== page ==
Breaking the mould

Breaking the mould

It does not always take a Kareena Kapoor (Remember the two different red sandals in Kabhi Khushi Kabhie Gham) and the celebrity tattooist Katy Von D ( with the red and black spiked shoes) to get experimental and bold and wear alternately coloured or designed attires!

Be it shoes, jewellery, or cosmetics, everybody seems to be experimenting with colours like never before. So much so, that seeing a regular girl walking out of a Metro wearing a pink and a red slip-on is no more alarming. One might even not care to give it another glance, so de rigueur the trend is!

Metrolife speaks to experts to bring together their perspective on the new fashion that seems to be shifting from ‘matching’ to ‘mixing’.

Asymmetry has long been in vogue. From putting together alternate earrings to two different coloured shoes in a pair and even a mix of lip colour on upper and lower lip, we try contrasting our entire lifestyle.

Elizabeth, Colorbar’s makeup expert says, “Early adopters pick up the trends sooner than others. In today’s age, trend definition and trend adoption has little to do with an age group, but has more to do with an individual’s attitude. As a cosmetics brand, we believe in educating the consumer. We do not sell products in a pair. But as makeup experts, our aim is always to share our knowledge to ensure every woman looks her best and gets the best out of products, be it basic everyday makeup or professional makeup.” She recommends, “You can contrast the colours to produce an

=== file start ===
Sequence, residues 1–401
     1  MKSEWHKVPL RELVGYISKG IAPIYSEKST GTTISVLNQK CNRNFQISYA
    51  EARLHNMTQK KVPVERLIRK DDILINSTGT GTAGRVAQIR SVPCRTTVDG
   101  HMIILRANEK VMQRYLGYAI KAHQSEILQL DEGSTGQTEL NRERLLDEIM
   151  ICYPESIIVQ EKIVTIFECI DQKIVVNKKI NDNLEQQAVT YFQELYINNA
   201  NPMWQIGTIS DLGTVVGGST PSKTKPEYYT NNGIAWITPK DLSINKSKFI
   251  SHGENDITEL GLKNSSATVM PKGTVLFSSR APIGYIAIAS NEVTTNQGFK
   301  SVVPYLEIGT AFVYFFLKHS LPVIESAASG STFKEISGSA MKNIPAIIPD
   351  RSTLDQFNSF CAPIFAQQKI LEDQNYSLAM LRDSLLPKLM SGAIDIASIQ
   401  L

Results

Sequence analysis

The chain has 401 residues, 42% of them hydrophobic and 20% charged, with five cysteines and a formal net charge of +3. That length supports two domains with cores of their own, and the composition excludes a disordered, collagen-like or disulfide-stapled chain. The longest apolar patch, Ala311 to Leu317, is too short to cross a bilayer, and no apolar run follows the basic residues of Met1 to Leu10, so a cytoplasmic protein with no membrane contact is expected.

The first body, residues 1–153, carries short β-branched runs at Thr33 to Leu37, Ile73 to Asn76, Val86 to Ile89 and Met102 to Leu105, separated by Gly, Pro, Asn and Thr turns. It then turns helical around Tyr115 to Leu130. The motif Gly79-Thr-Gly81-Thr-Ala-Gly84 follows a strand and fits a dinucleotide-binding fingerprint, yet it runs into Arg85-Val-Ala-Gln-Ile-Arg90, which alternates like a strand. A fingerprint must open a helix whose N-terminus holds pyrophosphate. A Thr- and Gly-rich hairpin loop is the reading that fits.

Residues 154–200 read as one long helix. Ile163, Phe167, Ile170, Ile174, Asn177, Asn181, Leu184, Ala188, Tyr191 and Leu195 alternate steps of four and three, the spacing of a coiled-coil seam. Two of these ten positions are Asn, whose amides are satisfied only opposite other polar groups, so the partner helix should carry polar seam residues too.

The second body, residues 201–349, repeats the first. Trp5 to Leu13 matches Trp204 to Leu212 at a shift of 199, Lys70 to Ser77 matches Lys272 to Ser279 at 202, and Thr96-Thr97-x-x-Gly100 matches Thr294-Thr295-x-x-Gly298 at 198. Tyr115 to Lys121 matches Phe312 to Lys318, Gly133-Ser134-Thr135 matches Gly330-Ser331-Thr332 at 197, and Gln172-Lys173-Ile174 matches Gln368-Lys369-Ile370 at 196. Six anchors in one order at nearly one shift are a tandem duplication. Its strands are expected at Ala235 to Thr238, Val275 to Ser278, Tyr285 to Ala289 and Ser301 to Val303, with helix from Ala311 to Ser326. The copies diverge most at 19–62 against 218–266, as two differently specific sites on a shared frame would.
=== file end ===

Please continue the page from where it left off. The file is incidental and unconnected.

interesting effect in eye shadows and  lip colour.

For instance, we can contrast – green eye shadow with bright lip colour, peach eye shadow and coral lip colour and golden eye shadow and electric red lip colour.”
Fashion designer Ekta Dhingra from Rabha’s by Ekta, suggests styling clothes alternatively is also a way of experimenting with clothes. “Styling can be done any way, from traditional to western and informal to formal.

Traditionally, we put on sarees, but to make it look western, it can be worn on jeans depicting a half saree. A salwaar can be worn with a top or a tank-top to style, rather than with a kurta. A half kurta with a high neck or chinese collar can easily be tucked under the formal trousers in order to make it look formal from informal. These are the ‘Do It Yourself’ mix and matches which one can think innovatively and execute.”